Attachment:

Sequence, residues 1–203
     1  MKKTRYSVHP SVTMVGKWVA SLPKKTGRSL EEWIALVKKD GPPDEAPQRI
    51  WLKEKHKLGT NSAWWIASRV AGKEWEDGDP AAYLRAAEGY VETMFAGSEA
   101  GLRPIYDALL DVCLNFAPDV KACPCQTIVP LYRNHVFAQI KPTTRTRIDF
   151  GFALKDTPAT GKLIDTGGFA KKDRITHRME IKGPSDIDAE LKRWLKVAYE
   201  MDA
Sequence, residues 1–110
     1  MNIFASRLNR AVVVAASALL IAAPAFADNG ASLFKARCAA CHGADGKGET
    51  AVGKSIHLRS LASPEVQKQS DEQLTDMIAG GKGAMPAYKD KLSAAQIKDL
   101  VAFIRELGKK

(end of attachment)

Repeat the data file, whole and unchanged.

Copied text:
Sequence, residues 1–203
     1  MKKTRYSVHP SVTMVGKWVA SLPKKTGRSL EEWIALVKKD GPPDEAPQRI
    51  WLKEKHKLGT NSAWWIASRV AGKEWEDGDP AAYLRAAEGY VETMFAGSEA
   101  GLRPIYDALL DVCLNFAPDV KACPCQTIVP LYRNHVFAQI KPTTRTRIDF
   151  GFALKDTPAT GKLIDTGGFA KKDRITHRME IKGPSDIDAE LKRWLKVAYE
   201  MDA
Sequence, residues 1–110
     1  MNIFASRLNR AVVVAASALL IAAPAFADNG ASLFKARCAA CHGADGKGET
    51  AVGKSIHLRS LASPEVQKQS DEQLTDMIAG GKGAMPAYKD KLSAAQIKDL
   101  VAFIRELGKK